Volume 12, Issue 1
  • ISSN 2210-4119
  • E-ISSN: 2210-4127
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Following Bakhtin (e.g., [1999] 1984, 184), dialogue studies have assumed at least some form of parity between dialogic participants. But what happens when parity is significantly disrupted or lost entirely? In this report of cultural practice among the Hobongan living on the island of Borneo, I examine the results of lost parity on traditional Hobongan and Christian-influenced cultural practices. The Hobongan typically acknowledge the lack of parity and ignore it, or they accept the lack of parity and try to rejoin polyphony through conversion. Syncretism presents a more complex case because dialogue remains possible: both Hobongan and Christian-influenced practices are combined to avoid unpleasant dialogues.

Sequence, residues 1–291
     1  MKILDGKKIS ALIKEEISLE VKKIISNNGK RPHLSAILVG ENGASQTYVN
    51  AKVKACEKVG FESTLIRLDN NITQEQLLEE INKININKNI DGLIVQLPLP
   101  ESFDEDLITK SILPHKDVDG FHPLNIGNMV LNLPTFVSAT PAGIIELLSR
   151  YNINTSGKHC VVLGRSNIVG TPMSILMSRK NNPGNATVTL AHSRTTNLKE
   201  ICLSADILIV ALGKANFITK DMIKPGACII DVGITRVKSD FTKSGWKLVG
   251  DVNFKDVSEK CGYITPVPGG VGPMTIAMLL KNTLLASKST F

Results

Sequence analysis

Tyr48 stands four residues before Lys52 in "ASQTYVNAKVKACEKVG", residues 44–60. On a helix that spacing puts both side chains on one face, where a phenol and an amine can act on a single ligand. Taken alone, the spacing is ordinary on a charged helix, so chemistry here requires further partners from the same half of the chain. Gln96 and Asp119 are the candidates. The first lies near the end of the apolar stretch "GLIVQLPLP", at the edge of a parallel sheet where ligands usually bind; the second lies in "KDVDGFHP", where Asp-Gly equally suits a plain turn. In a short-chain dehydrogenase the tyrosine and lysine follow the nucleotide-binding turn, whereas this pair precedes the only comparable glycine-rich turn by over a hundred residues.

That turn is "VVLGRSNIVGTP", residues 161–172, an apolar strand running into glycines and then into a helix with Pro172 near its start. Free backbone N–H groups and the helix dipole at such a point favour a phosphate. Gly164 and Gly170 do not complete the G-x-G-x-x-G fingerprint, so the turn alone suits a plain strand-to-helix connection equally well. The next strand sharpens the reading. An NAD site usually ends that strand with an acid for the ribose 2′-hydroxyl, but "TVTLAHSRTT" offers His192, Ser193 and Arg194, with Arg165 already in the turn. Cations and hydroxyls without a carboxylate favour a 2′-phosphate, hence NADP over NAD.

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  • Article Type: Research Article
Keyword(s): Austronesian; Bakhtin; dialogue; Hobongan; Hovongan
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